AP World History: Modern Exam — Period 4 Notes (1900-Present)

Love these notes? Try Kaplan's best AP Prep:

AP World History: Modern Key Takeaways Period 4 (1900-Present)

  1. Military conflicts are central to understanding the course of the twentieth century and the current system of states and international organizations. The world wars led to rapid advances in technology, including medical technology, which has helped the global population increase to over seven billion. Some current regional conflicts like those in the Middle East are the legacy of the world wars.

  2. Revolutions and nationalist movements played an important role, especially in the period of de- colonization after WWII. Some existing countries experienced revolutions, like China and Russia, while other countries were created through nationalist movements, like Vietnam. Some current regional conflicts are the legacy of these movements, such as the dispute between India and Pakistan over Kashmir.

  3. In the second half of the twentieth century into the present, political and economic reforms reshaped interstate relations, and the world economy became more integrated. The fall of the Soviet Union, the opening of Chinese trade with the United States in the 1970s, the formation of the European Union, and the population and industrial growth of states have led to significant structural changes.

  4. Advances in computer technology, especially the growth of the Internet from the 1990s to the present, have changed economic and social structures. While this technology brought about new ways of communication and has fundamentally changed economies in the developed world, it has also led to new types of crime, such as hacking and identity theft.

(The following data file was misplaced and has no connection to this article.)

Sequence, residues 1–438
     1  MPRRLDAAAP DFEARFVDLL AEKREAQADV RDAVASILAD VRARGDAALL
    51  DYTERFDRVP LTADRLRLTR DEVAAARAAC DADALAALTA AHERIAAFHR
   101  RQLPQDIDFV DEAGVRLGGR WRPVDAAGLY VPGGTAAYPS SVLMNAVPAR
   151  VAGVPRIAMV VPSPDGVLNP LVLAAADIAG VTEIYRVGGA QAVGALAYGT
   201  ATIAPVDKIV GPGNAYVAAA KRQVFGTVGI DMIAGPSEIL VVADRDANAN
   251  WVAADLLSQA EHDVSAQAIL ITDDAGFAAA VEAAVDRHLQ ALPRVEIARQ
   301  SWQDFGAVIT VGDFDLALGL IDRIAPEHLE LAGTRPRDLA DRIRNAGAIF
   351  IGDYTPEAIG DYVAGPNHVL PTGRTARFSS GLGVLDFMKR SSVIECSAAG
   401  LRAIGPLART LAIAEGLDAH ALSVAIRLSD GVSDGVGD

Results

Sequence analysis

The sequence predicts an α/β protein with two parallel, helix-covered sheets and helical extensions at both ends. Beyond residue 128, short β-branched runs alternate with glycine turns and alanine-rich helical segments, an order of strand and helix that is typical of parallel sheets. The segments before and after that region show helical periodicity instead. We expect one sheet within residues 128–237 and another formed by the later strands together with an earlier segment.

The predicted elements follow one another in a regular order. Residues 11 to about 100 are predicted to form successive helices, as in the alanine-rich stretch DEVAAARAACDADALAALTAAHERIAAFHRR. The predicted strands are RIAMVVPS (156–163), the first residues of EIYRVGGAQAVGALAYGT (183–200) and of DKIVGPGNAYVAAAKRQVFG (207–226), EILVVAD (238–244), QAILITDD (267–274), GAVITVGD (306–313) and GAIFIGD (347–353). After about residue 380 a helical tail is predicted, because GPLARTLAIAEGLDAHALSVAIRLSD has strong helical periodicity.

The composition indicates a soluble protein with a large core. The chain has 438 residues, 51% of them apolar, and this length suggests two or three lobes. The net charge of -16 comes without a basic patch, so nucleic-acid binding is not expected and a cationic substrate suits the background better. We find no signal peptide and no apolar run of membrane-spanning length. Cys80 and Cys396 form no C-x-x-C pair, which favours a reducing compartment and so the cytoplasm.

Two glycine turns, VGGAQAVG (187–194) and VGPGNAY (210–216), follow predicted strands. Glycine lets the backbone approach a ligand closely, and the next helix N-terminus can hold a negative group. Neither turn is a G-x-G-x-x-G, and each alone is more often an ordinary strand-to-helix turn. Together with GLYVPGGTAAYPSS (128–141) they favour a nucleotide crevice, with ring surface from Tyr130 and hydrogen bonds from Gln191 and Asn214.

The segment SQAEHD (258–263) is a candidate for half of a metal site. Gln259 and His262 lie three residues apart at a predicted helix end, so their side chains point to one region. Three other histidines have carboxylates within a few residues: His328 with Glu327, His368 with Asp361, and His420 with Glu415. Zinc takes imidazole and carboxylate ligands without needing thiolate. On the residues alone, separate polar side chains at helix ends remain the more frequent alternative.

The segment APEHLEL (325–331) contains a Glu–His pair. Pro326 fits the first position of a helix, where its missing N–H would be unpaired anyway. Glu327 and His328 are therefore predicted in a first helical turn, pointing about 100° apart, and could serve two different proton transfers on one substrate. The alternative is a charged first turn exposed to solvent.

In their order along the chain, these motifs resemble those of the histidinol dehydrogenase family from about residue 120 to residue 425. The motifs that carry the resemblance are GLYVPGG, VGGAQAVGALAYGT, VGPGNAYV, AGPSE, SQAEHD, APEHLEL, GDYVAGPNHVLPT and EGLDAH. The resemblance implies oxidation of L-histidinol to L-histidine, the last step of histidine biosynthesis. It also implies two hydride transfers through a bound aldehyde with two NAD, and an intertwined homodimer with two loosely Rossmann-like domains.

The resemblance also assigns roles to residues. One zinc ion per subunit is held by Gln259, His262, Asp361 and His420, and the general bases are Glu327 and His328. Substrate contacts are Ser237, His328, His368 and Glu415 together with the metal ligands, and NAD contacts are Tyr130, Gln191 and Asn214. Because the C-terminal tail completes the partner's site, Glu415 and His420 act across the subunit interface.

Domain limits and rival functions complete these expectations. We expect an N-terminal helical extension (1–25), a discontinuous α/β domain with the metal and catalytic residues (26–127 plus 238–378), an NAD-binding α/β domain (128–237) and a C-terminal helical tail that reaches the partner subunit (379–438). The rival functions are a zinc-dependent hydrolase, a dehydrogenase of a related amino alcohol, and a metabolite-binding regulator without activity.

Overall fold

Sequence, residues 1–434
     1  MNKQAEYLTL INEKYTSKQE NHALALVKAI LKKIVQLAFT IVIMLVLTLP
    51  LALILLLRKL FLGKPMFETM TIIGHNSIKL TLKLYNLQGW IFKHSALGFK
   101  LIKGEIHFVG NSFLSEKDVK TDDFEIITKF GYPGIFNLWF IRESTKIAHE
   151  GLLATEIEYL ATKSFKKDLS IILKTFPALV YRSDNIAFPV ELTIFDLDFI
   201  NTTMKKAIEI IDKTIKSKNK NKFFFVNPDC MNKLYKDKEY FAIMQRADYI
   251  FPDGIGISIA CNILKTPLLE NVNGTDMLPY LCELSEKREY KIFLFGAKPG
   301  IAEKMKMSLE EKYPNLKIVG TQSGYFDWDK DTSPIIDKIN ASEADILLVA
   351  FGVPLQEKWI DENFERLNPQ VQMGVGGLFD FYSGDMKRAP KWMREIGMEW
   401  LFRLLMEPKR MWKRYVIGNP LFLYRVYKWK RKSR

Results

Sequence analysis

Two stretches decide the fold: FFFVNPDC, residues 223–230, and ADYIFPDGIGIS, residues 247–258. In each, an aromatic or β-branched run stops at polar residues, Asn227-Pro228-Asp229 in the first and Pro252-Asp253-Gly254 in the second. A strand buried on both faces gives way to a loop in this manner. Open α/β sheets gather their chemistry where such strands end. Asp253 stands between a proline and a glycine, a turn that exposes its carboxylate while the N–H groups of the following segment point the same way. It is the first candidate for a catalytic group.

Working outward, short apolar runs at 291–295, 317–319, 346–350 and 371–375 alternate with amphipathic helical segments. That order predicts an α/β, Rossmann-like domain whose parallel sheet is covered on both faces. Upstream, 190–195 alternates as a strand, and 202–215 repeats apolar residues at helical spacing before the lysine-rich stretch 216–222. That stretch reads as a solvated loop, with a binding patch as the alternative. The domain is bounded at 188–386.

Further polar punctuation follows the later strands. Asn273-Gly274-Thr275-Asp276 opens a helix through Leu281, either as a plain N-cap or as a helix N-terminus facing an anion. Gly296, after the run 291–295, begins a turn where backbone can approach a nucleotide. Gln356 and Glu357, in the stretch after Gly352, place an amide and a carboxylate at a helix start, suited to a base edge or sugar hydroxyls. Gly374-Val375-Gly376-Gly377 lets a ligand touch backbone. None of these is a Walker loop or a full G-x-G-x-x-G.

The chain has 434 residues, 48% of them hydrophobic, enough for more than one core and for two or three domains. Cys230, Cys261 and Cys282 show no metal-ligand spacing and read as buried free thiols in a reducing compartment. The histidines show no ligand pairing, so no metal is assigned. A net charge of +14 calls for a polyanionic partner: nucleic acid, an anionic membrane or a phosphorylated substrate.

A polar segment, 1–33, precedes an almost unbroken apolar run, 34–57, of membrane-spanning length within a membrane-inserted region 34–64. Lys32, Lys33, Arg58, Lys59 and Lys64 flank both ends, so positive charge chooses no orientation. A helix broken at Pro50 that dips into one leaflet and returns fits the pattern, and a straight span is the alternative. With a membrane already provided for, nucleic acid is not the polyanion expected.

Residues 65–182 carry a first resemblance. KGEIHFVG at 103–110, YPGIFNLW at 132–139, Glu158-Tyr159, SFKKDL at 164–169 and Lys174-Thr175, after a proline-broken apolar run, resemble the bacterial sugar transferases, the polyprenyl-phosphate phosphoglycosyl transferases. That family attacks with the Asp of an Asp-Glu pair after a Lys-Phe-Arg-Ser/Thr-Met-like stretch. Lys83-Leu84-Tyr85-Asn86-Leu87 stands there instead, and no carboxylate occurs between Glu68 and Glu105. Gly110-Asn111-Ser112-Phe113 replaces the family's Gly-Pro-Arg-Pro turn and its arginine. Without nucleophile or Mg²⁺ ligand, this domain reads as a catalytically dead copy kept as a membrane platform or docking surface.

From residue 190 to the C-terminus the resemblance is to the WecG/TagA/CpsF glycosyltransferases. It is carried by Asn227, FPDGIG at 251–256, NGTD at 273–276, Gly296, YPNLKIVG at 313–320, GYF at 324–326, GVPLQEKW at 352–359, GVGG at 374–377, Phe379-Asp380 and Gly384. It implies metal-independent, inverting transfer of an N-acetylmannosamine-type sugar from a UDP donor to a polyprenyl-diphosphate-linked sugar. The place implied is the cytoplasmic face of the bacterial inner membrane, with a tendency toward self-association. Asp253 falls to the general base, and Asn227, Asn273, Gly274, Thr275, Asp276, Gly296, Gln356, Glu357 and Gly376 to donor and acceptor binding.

5. Over the course of the twentieth century, social structures changed to include more rights for minority groups and women. The decline of traditional social structures has been caused by many factors, such as changes in the workforce, new concepts of human rights in the post-WWII period, and the rapid growth and industrialization of the global south.

  6. Globalization in the economic and cultural spheres also increased, including the advent of mass culture based on new communications technologies like radio, television, and the Internet. This has accelerated changes caused by the other significant events in the period, such as the world wars, the expansion of human rights, and the interconnection of global trade.

Key Terms: Period 4 (1900-Present)

Remember that the AP World History exam tests you on the depth of your knowledge, not just your ability to recall facts. While we have provided brief definitions here, you will need to know these terms in even more depth for the AP exam, including how terms connect to broader historical themes and understandings.

Origins of World War I

  • Alliances: A formal system of treaties binding participant states to mutual military aid in the case of attack by a third party.

  • Militarism: System of national organization that prioritizes military spending and glorifies conflict and military service; examples include the British Empire and the Soviet Union.

  • World War I: Global conflict that began in Europe in 1914 and continued until November 1918, concluding with the Treaty of Versailles in 1919.

World War I

  • Total war: Style of warfare which reorders national economies toward war and includes civilians as targets; movement away from rules of limited engagement in the seventeenth and eighteenth centuries; common examples are World War I and World War II.